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COLLECTION Identifier: bMS 1136

American Board of Commissioners for Foreign Missions (ABCFM). Near East, Records, 1820-1965.

This collection consists of the reference materials used by the ABCFM, later known as the United Church Board of World Ministries. It describes the work of the ABCFM in the Near East from 1820-1965. It includes pamphlets, informational brochures, yearbooks, unpublished reports and a small amount of correspondence.

Dates

  • 1820-1965.

Access

There are no restrictions on access to this collection.

Extent

15 boxes

This collection consists of the reference materials used by the ABCFM, later known as the United Church Board of World Ministries. It includes pamphlets, informational brochures, yearbooks, unpublished reports and a small amount of correspondence which describes the work of the ABCFM in the Near East from 1820-1965. The material in this collection describes the schools, hospitals, centers and rural programs that were established by the missionaries. The collection also includes many general reports and articles on Christianity in the Near East, and it touches on the work of other religious organizations which were also working in this area.

Biographical / Historical

The American Board of Commissioners for Foreign Missions (ABCFM), the first organized missionary society in the United States, was founded in 1810. By the time of its centenary in 1910, the Board was responsible for 102 mission stations and a missionary staff of 600 in India,Ceylon, West Central Africa (Angola), South Africa and Rhodesia, Asiatic and European Turkey, four different regions in China, Japan, Micronesia, the Philippines, and the "Papal lands" of Mexico, Spain and Austria. There were also missions to American Indians, and a mission to Hawaii. The ABCFM began as an inter-denominational society, including Presbyterian and Reformed churches, besides its core of Congregationalists. After some secessions due to the slavery issue and the formation by the Presbyterian Church of its own foreign mission board, the ABCFM was left as a Congregationalist body after 1870. In 1957, the Congregational Christian Churches merged with the Evangelical and Reformed Church to form the United Church of Christ (UCC). On June 29, 1961 the ABCFM was formally concluded, becoming part of the United Church Board for World Ministries (UCBWM), an instrumentality of the new denomination. On July 1, 2000, the UCBWM became Wider Church Ministries, one of the four covenanted ministries of the UCC. (from the finding aid for the ABCFM records at the Houghton Library, Harvard University). The Near East is a geographical term that roughly encompasses Western Asia. The term has fallen into disuse, and has been replaced by the Middle East. Some of the countries included are Armenia, Turkey, Syria, Greece,Albania, and Bulgaria.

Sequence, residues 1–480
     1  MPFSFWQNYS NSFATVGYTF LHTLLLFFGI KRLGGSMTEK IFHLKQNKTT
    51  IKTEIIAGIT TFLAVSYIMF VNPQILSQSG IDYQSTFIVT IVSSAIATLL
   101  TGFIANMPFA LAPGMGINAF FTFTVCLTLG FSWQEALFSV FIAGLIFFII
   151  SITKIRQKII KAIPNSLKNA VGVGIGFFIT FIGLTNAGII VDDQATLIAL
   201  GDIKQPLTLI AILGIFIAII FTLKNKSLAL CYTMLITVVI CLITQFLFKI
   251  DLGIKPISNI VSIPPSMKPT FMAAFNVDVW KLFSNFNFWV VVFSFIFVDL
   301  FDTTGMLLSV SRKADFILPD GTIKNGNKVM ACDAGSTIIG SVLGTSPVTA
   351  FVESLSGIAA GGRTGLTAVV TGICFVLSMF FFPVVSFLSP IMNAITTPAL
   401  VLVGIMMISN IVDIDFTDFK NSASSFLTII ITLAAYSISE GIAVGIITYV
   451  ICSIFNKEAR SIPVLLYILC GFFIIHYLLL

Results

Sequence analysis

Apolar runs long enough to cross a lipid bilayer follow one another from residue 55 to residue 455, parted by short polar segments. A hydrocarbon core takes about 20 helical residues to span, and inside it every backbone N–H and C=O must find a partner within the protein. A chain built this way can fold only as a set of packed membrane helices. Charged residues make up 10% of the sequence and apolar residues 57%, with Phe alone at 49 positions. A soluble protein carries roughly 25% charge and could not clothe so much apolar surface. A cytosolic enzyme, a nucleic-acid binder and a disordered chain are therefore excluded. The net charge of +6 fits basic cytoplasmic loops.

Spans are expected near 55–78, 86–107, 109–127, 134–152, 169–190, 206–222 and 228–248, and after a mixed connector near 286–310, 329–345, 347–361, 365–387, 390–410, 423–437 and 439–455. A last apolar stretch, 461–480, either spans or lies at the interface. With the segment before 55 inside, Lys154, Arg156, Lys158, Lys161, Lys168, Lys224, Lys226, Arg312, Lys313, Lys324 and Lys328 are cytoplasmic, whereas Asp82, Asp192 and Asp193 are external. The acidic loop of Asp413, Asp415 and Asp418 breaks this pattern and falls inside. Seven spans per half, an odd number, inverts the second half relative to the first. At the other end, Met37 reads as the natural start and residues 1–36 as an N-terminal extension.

Arrangement

Organized into the following series:
  1. Series I. ABCFM Near East Reports
  2. ___Subseries A. General and historical topics
  3. ___Subseries B. Special topics
  4. Series II. ABCFM Near East Mission Stations
  5. Series III. Christianity in the Near East; Special Topics
  6. Series IV. Near East Regions and Groups
  7. Series V. Schools, Hospitals, and Centers
  8. Series VI. Writings by individuals

Acquisition Information

This collection was donated by the United Church Board for World Ministries .

Related Materials

For related collections, please see bMS 1264, bMS 1003.

Processing Information

Processed by Fran O'Donnell, 2015.
Link to catalog
Title
American Board of Commissioners for Foreign Missions (ABCFM). Near East, Records, 1820-1965 (bMS 1136): A Finding Aid.
Author
Andover-Harvard Theological Library
EAD ID
div01136

Repository Details

Part of the Andover-Harvard Theological Library, Harvard Divinity School Repository

Special Collections at Andover-Harvard Theological Library preserves and makes accessible primary source materials documenting the history of religion and theology, with particular historical emphasis on American liberal religious traditions. Though the historical strengths of the collections have been in the field of Christianity, other religious traditions are increasingly reflected, in step with Harvard Divinity School's evolving focus on global religious studies.

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